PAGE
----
FDA: Delay of Online and Social Media Guidance Creates Confusion
It has been quite a while since we have written about social media and the Food and Drug Administration (FDA)—mostly because the issue has been pretty quiet at the agency. The last major event regarding the topic occurred this past summer, when Congress passed the Food and Drug Administration Safety and Innovation Act (FDASIA) which contains a provision mandating that FDA issue final social media guidance no later than July 2014.
Several recent developments regarding FDA and its Office of Prescription Drug Promotion (OPDP) have taken place over the last few weeks. For example, in late May of this year, OPDP held a webinar that discussed the office's latest batch of enforcement letters, as summarized by the Coalition for Healthcare Communication (CHC).
According to the CHC post, OPDP "continues to cite industry for overstating efficacy, minimizing or omitting risk and making unsubstantiated claims, according to six untitled letters issued by OPDP from November 2012 through the end of March 2013." OPDP regulatory counsel staff members "discussed specific problems it found with various promotional claims, and responded to questions about online promotional guidance and the agency's approach to enforcing misbranding violations in the wake of the recent U.S. v. Caronia decision."
An OPDP enforcement letter to Alcon Research Ltd. regarding PATADAY™ stated that promotional materials for the drug touted "zero itch" associated with its use. OPDP states that such claims overstate efficacy "because they suggest that all patients who use Pataday will experience 'zero-itch' and be symptom-free." The letter also states that the company made unsubstantiated superiority claims about zero itch.
"The study cited for the zero-itch claim was a post hoc study and was not considered substantial evidence;" said OPDP Regulatory Counsel Cynthia Ng. "Substantial evidence is generally demonstrated through two adequate and well-controlled trials." She clarified that a study "does not necessarily need to be published to support efficacy claims, but the data need to be readily accessible if OPDP requests it."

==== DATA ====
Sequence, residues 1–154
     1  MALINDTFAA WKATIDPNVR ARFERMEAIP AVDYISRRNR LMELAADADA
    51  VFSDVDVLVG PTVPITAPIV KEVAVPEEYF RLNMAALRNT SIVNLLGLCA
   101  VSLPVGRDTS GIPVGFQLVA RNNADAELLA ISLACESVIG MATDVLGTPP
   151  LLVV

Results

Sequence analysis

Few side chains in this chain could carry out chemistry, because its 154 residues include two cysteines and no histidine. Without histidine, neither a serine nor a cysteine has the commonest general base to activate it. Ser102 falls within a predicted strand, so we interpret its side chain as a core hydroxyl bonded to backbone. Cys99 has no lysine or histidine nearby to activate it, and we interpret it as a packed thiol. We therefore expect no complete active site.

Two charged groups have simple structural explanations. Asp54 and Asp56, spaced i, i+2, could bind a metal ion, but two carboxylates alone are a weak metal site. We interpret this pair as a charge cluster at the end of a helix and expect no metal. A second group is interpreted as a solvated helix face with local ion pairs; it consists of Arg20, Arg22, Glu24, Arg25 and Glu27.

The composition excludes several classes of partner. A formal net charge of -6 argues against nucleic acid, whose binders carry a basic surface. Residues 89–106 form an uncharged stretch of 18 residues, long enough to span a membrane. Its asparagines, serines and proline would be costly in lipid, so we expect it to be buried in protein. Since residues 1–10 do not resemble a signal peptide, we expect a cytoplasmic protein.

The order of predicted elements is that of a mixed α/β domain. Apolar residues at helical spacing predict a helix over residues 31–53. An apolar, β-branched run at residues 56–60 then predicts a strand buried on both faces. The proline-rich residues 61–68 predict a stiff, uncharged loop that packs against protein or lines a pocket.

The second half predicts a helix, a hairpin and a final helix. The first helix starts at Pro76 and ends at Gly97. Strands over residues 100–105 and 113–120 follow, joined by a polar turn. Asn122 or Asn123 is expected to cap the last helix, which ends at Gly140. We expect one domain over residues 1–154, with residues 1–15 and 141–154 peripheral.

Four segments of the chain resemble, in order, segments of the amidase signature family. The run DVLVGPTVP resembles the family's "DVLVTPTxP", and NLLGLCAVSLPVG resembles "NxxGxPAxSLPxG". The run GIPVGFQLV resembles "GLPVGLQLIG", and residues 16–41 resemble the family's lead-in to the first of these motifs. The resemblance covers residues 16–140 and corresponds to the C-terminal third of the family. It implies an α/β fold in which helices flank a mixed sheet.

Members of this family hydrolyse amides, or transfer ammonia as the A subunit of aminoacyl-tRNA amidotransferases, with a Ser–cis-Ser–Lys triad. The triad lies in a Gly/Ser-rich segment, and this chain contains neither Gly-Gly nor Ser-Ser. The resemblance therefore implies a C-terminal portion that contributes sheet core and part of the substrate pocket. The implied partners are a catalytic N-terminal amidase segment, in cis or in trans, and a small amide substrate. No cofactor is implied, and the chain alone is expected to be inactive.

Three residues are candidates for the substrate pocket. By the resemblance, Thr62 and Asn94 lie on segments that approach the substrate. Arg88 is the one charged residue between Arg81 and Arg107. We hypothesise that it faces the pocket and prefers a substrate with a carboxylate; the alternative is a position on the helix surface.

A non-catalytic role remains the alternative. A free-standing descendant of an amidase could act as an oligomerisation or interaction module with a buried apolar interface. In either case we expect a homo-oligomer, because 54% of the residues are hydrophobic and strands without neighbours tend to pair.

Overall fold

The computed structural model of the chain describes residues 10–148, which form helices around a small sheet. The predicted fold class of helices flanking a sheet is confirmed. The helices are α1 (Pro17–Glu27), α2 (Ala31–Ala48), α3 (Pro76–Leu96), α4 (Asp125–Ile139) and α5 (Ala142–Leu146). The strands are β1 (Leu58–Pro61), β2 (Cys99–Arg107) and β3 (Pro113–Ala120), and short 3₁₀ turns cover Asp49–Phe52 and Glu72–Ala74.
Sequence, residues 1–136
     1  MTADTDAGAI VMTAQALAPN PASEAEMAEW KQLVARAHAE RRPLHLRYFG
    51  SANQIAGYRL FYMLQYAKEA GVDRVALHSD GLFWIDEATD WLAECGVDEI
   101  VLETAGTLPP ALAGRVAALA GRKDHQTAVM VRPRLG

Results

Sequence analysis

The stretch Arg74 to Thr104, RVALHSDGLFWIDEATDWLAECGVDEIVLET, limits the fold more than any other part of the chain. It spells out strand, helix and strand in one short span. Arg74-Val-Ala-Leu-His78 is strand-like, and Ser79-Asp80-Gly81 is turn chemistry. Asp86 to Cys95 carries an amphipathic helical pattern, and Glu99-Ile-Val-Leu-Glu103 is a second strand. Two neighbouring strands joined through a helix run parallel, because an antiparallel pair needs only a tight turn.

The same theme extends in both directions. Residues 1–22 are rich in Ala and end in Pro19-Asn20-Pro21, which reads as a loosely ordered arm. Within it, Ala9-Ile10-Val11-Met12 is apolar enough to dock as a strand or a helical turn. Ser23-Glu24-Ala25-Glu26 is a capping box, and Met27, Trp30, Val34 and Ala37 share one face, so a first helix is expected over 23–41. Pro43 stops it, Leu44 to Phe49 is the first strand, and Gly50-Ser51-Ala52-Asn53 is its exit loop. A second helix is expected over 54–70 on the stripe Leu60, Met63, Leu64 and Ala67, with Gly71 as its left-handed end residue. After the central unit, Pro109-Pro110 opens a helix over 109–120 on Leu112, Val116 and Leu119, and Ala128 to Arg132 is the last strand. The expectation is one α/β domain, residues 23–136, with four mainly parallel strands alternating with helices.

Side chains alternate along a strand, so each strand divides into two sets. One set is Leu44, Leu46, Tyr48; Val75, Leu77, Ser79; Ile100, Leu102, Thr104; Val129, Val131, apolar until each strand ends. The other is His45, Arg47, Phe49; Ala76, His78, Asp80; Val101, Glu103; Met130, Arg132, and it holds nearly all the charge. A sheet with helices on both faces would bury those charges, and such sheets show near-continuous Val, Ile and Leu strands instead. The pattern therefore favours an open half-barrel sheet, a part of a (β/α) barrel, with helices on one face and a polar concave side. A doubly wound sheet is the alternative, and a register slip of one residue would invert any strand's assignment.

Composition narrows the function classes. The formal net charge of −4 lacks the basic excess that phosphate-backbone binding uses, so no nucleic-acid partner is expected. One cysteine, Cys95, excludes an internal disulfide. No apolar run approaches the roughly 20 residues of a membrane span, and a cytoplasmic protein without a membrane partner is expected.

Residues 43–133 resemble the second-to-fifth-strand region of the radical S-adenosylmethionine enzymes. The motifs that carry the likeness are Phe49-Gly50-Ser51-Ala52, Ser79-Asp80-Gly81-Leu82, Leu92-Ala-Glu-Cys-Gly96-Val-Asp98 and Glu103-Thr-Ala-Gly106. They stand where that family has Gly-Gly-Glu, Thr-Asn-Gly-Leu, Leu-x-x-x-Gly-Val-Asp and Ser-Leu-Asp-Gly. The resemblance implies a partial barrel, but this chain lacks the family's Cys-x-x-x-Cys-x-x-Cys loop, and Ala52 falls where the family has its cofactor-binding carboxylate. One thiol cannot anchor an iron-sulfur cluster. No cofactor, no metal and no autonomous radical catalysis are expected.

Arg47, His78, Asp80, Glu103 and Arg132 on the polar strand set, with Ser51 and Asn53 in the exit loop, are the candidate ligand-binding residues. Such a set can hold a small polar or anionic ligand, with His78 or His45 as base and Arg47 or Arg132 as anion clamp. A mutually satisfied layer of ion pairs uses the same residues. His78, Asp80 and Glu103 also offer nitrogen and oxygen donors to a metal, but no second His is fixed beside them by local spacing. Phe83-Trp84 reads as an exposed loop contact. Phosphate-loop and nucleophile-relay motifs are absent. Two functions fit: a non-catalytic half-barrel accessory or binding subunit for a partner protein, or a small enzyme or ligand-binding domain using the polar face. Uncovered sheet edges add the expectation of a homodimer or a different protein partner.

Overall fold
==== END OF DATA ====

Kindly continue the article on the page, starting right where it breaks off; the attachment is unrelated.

CHC reported that "in response to a listener question regarding the promotion of investigational uses of a drug on a Website and in a podcast," OPDP Regulatory Counsel Julie Chronis stated that companies "can discuss investigational uses for their drugs, but they have to do it in an appropriate manner."
She noted that Salix Pharmaceuticals Inc. and Napo Pharmaceuticals were cited by OPDP in an enforcement letter for discussing investigational uses for the drug CROFELEMER tablets in part because they indicated that the drug was safe and/or effective for children as young as three months, which it states has not yet been proven. Other enforcement letters issued during this period alleged the following violations:
- Omission of material fact;
- Omission and minimization of risk;
- Unsubstantiated superiority claims;
- Unsubstantiated efficacy claims;
- Overstatement of efficacy; and
Inadequate communication of indication.
In the absence of long-awaited OPDP guidance regarding online promotion, one Webinar attendee asked whether OPDP would be issuing guidance on how companies can properly promote their drugs using social media, such as Facebook and Twitter.
"We publicly announced that we would be publishing several Internet guidances, one of which [on unsolicited requests] has already been issued," OPDP Regulatory Counsel Robyn Tyler said. "So that these guidances don't quickly become obsolete because of the ever-changing technology, the guidances won't be just for a specific medium like Facebook or Twitter." She did not address the million-dollar question regarding when additional guidance on electronic media promotion could be expected.
Interestingly around the same time of the Webinar, FDA released a consumer alert that interviewed OPDP's Director Tom Abrams, asking about social media and several other topics regarding direct-to-consumer (DTC) promotion. Abrams remarked that social media "certainly" has complicated his job. He noted that "[t]he Internet and social media have increased the volume and extent of materials and speeded the delivery of those materials. Websites can have hundreds of pages and can change daily."